Category Archives: Law Practice

Over-simplified writing advice, 4

Part 4 of 4

My books: Legal Writing Nerd: Be One, Plain Legal Writing: Do It

I recently heard a speaker criticize the following advice as “oversimplified”:

“Write short sentences.”

The speaker characterized it as “common writing advice.” I think this supposedly common advice is a straw target—a target that legal-writing teachers and experts don’t actually advise and that the speaker set up to be easily knocked down. Here’s the my own take.

The best advice is to aim for an average sentence length in the low 20s. Here’s what experts say about average sentence length in legal writing:

  • below 25—Richard Wydick in Plain English for Lawyers
  • about 22—Anne Enquist & Laurel Curie Oates in Just Writing: Grammar, Punctuation, and Style for the Legal Writer
  • about 20—Bryan A. Garner in Legal Writing in Plain English

That’s average. Some sentences would be longer, some shorter. I haven’t found any experts advising a maximum sentence length, but for me, it’s 45 words. Anything longer risks losing the reader.

Other than that, the experts recommend varying your sentence length:

  • You want some longer sentences and some shorter ones.1
  • Varying your sentence lengths is generally a good idea.2
  • Keep the sentences shorter to create a sense of movement and make them easy to read, but vary length to avoid monotony.3

The occasional very short sentence (3 to 7 words) stands out and creates emphasis. The occasional long sentence—probably in a strict, parallel, three-part series—is memorable.

That’s the real advice. No one actually says “Write short sentences” without further clarification or explanation.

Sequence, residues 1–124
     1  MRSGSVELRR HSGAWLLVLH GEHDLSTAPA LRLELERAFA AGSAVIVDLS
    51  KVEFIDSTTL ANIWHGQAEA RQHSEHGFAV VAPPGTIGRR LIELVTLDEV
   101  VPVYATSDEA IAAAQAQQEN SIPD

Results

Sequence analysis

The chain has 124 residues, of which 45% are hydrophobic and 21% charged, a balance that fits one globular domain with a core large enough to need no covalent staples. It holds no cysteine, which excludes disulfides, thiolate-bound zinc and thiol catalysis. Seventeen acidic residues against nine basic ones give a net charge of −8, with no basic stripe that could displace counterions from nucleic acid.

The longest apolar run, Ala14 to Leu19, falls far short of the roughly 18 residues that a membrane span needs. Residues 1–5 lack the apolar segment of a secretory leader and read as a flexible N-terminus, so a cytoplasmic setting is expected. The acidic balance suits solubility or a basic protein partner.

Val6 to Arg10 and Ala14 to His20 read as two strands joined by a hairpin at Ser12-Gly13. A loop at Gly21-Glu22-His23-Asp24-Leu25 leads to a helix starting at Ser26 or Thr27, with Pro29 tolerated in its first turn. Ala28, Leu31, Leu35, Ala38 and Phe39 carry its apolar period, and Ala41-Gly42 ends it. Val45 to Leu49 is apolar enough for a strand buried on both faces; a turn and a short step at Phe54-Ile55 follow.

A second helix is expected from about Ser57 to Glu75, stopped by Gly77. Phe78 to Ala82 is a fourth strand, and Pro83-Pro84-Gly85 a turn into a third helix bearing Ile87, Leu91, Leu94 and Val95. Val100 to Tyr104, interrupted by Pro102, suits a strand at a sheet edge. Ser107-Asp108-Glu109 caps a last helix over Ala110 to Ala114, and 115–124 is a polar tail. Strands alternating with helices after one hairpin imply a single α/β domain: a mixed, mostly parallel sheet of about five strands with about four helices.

My books: Legal Writing Nerd: Be One, Plain Legal Writing: Do It

_____

1. Bryan A. Garner, LawProse Lesson #269: Average sentence length.

2. Joseph Regalia, The Art of Legal Writing: The Sentence, Appellate Advocacy Blog (May 19, 2018).

3. Ellie Margolis, 10 top tips for legal writing, Before the Bar (Nov. 7, 2019).

 

 

Over-simplified writing advice, 3

Part 3 of 4

My books: Legal Writing Nerd: Be One, Plain Legal Writing: Do It

I recently read some writing advice offered by a capable lawyer with 10 years’ experience. The advice was offered in absolute terms, and I thought it was oversimplified. Here’s the advice with my own take.

“Never use passive voice.”

It would be difficult to follow this advice literally, and it’s not necessary to write a memo or motion or brief and never use the passive voice.[1] Better advice for the passive voice would be avoid defaulting to the passive voice—use it sparingly but deliberately. I’ve written about the passive voice here:

In that post, I pointed out the drawbacks of the passive voice: that it can be wordy and dry and that it’s overused in legal writing. But I also acknowledged that it has its place. We shouldn’t forbid all passive-voice constructions; the passive voice has legitimate uses, and here are three.

1. When the doer of the action is unknown or irrelevant: The police were notified.

  • We don’t know or care who notified the police; we’re just saying they were notified.

2. When the key focus is on the recipient of the action, not the doer of the action: Treyco’s account was frozen, not Mercury’s account.

  • This sentence focuses on which account was frozen, not on who did the freezing.

3. To avoid the appearance of responsibility: The claim files had been deleted.

  • This sentence hides the one who did the deleting. Avoiding the appearance of responsibility is occasionally useful in legal writing, but if you use the passive voice to hide responsibility a lot, your readers will figure it out.

Again, my view is that for high-caliber, sophisticated legal writing, absolute prohibitions typically aren’t the best advice. Inform yourself about the advice, consider your audience and purpose, and exercise your editorial judgment.

My books: Legal Writing Nerd: Be One, Plain Legal Writing: Do It

_____

[1] In fact, in an example the lawyer displayed for another purpose, there were three uses of the passive voice in the first four sentences. All three uses were appropriate; I’m just pointing out that it’s not reasonable to advise, “Never use passive voice.”